This year, the California fires have intensified into what is now being claimed as a record high of 2 million acres of the acreage has been torched. The intense Californian heat, parched conditions, multiple lightning strikes, and high winds fueled record-shattering wildfires and strained the electrical grid across much of California on Monday, forcing the Forest Service to close eight national forests.
California has been struggling with a record-breaking fire season this year – more than With most of the fires still raging on, despite extensive efforts to douse them, the days ahead look equally grim.
More than 12,000 lightning strikes in the past three weeks have sparked almost two dozen major fires, according to Cal Fire. The fires have burned tens of thousands of acres, destroyed structures, homes, livelihoods, and wildlife, causing thousands of residents to flee.
Elaborating on the current scenario, Randy Moore, regional forester for the USDA Forest Service Pacific Southwest Region said, “Existing fires are displaying extreme fire behavior, new fire starts are likely, weather conditions are worsening, and we simply do not have enough resources to fully fight and contain every fire.”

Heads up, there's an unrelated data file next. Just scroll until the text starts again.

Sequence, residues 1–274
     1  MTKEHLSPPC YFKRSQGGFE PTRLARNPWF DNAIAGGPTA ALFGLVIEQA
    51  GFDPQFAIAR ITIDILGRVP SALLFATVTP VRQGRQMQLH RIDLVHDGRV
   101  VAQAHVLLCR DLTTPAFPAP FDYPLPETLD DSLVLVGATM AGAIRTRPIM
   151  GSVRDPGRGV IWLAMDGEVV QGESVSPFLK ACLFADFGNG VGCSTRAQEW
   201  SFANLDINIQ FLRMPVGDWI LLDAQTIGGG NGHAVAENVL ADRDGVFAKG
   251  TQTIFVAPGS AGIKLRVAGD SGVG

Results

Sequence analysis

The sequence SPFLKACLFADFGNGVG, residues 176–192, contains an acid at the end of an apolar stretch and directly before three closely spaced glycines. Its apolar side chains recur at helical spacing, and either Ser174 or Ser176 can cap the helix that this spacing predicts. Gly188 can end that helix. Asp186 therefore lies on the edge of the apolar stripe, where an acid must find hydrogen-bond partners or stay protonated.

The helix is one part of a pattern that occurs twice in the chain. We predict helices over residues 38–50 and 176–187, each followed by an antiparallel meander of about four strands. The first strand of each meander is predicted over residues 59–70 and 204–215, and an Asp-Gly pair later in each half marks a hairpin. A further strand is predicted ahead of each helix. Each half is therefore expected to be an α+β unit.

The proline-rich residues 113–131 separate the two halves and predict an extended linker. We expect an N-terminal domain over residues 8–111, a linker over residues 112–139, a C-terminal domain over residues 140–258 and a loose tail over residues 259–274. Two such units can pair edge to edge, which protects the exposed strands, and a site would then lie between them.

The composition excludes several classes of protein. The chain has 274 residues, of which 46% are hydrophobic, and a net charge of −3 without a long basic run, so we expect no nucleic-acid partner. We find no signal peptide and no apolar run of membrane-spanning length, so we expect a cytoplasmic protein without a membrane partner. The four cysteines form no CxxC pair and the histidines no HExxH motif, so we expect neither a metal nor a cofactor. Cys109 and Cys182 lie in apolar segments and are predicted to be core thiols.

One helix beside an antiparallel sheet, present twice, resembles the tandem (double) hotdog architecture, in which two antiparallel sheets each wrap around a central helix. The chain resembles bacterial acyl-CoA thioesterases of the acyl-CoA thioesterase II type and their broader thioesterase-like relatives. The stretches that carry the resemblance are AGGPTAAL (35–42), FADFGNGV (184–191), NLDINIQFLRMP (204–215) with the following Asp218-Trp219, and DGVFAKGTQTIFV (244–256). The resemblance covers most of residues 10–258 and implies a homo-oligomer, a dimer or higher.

Meanwhile in Northern California on Monday night, the Fresno County Fire Department in a tweet, reported that up to 50 people were trapped near Lake Edison and that 14 hikers were trapped near China Peak. A rescue effort was unsuccessful due to “heavy smoke conditions and another effort was being planned to evacuate the trapped people.
After a major rescue operation that evacuated over 200 campers from the worst known Creek Fire, the blaze has since grown to 135,000-plus acres and is 0% contained. At least one person died in the fire, according to Fresno Battalion Chief Tony Escobedo.
Widespread power outages did not go underway, although almost 60,000 homes and businesses were dark on Monday afternoon. The state’s largest utility, Pacific Gas & Electric, was preparing to cut power to 172,000 customers in 22 counties in the northern half of the state to reduce the possibility its lines and other equipment could spark new fires.
After declaring a state of emergency on Sunday, Gov. Gavin Newsom urged state residents to keep their thermostats at 78 degrees or higher, to use appliances sparingly, and to keep lights off whenever possible. “Power outages were avoided … due in large part to individual conservation efforts,” Newsom said. “Even more conservation efforts are needed.”
On the occasion of labor day, Newsom also took to thank more than 14,000 firefighters who are working tirelessly in battling the blazes.